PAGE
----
“AKA Pray For My Pats” is a relatively solid episode of Jessica Jones that nevertheless helped me figure out why this season isn’t working as well as the first. It’s now clear that this season is telling an overarching story about female anger, but it’s struggled to find compelling motivations for why so many of its characters are angry. For instance, Trish Walker and Alisa Jones both have anger issues that stem mostly from artificially induced states. Unfortunately, Trish became a less interesting character the second she started using Simpson’s inhaler. And Alisa is also at her least interesting when she’s in one of berserker rage fits. Rather than exploring female anger and the ways in which it manifests, Jessica Jones has written two female characters whose stories revolve around the fact that they get angry without any real logical reason.
It would be one thing if Jessica Jones were using Trish and Alisa’s stories to meaningfully comment on addiction or mental health or rage issues. But that’s only happening at the most surface level. There are a couple times in this episode where Jessica explains that her mom acts the way she does because her brain is “broken.” But that’s not a meaningful metaphorical representation of mental illness. Nor is it a substitute for actual character motivation.
It’s incredibly hard to get invested in Alisa as a character because there’s no real rhyme or reason for why she acts the way she does. Fiction is full of characters with dueling personalities—from Dr. Jekyll and Mr. Hyde to Gollum and Sméagol to Bruce Banner and the Hulk—but those characters have a much clearer push-pull dynamic at their core. Alisa’s condition just feels arbitrary and poorly defined, which is something Jessica seems to confirm when she finds a note in Karl’s journal that reads, “Patient experiences dissociative episodes often marked by an obsessive, destructive fixation on a singular object or person.”
Why is Alisa so dead set on killing Trish? Well, there’s basically no reason other than to add some stakes and action to the series. Similarly, while the core of Trish’s desire to be a superhero seems true to what we know of her as a character, Simpson’s inhaler is a writing shortcut designed to quicky get her to a place where she was willing to agree to a dangerous superhero surgery. A crucial aspect of storytelling is exploring why characters act the way they do. This season of Jessica Jones has spent far too much time answering the question of “Why?” with “Just because.”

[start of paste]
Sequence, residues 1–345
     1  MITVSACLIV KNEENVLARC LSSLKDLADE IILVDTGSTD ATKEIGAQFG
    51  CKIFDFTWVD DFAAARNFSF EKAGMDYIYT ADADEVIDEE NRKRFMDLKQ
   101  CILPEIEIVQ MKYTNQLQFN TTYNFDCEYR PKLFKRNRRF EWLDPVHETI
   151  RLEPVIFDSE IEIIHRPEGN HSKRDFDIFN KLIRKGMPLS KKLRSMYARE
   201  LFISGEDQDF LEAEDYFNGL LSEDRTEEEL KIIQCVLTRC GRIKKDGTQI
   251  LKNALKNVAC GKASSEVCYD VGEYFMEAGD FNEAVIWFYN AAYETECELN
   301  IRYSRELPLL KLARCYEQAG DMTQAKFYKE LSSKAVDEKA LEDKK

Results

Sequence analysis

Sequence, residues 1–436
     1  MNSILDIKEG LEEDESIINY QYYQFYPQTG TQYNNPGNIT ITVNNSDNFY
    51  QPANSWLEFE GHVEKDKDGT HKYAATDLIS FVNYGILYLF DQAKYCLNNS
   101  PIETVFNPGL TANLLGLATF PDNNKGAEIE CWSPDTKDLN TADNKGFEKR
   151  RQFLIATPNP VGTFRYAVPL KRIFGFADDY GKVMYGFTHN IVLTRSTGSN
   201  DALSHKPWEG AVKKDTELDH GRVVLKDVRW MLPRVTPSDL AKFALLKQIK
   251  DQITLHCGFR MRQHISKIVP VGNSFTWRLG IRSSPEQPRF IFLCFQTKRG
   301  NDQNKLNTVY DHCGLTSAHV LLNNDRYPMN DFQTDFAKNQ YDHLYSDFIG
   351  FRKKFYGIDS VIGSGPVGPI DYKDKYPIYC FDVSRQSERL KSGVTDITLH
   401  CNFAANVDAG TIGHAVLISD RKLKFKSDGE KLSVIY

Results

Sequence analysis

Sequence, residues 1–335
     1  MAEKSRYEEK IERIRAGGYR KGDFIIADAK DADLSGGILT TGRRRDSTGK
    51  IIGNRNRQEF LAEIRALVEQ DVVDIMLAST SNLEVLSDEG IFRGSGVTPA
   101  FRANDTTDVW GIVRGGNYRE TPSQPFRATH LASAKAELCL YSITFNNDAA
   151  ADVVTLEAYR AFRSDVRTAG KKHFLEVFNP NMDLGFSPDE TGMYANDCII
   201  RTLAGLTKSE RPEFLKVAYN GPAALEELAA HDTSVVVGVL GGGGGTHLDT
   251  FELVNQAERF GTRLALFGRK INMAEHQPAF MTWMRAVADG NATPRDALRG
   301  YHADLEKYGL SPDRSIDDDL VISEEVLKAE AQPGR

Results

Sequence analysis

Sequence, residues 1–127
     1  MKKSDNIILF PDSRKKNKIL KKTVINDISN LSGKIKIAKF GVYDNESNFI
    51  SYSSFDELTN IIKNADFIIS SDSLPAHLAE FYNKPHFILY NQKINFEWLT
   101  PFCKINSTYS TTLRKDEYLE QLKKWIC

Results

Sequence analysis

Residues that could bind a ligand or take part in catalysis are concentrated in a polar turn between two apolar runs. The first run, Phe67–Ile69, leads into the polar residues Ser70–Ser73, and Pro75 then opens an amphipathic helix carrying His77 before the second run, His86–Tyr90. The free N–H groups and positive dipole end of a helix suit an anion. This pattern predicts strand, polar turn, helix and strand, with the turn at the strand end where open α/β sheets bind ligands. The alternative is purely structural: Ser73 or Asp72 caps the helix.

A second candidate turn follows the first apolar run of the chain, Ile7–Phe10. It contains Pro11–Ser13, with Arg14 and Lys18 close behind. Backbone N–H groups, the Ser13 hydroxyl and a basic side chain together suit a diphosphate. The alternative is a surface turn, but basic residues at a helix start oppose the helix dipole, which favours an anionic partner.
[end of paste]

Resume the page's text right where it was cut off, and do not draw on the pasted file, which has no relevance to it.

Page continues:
Once again, Jeri Hogarth’s story provides a really helpful point of comparison for the rest of the season. Everything Hogarth does in this episode builds naturally on both her character and her situation. I absolutely believe that Hogarth would be hellbent on getting revenge and that she would enact her revenge in the psychologically cruel manner that she does. She doesn’t want to see Inez and Shane brought to justice or even to inflict physical pain on them herself. Instead she manipulates Inez into shooting the man she loves and then ensures Inez will be put away for that crime instead. It’s a dark but compelling moment for Jessica Jones. And Hogarth’s revenge mission is one that explores female anger in a way that doesn’t just involve a woman flipping over a table or smashing through a window.
Looking back, I’ve spent more of this review talking about stuff I didn’t like than stuff that I did, which perhaps makes my grade seem a little incongruous. But “AKA Pray For My Pats” benefits from the better pacing and livelier storytelling that’s characterized the back half of the season. And there are a lot of strong individual moments within the episode, like Dorothy milking her daughter’s injuries for publicity, Trish and Jessica’s complex sisterly tensions (even in the mist of a fight, Jessica still tells Alisa that Trish is her best friend), and the image of Jessica stowing away in a body bag.
And who knows, perhaps there’s a greater metaphorical resonance to Trish and Alisa’s storylines that will click into place for me in the finale. There’s certainly a lot of potential there. These two troubled women are Jessica’s only family and she can’t bring herself to give up on them, even when that seems like the most logical choice. Human beings don’t always act logically. And maybe Jessica Jones is exploring that fact more intentionally than I’m giving it credit for.
- I know the show needed to make it immediately clear that Hogarth lied about Shane’s letters, but you’d think she would have at least written up a few fake examples in case Inez wanted to check the folder.
- Just to clarify a point I made above: I definitely don’t mean to imply that characters with mental health issues can’t be compelling if their behavior is erratic or illogical. I just don’t think Jessica Jones is doing a good job of exploring that, if, indeed, that’s even what it’s setting out to do. Regardless, I recommend the CW’s Crazy Ex-Girlfriend and the John Green novel Turtles All The Way Down as stories that feature protagonists with mental health issues whose sometimes erratic behavior is compellingly explored.
- Shakina Nayfack, who plays the pawnshop owner in this episode, also had a recurring role on Hulu’s Difficult People, which is another show I highly recommend checking out.
- Not gonna lie, I was really starting to feel the binge-review exhaustion during this episode. Thankfully a cameo from Rob Morgan’s Turk Barrett was all I needed to pick me back up! (And because these Stray Observations have apparently just become Caroline’s Recommendation Corner, I also recommend checking out Morgan in the phenomenal Netflix original film Mudbound.)
- Why did that final shot of the RV go on for so long?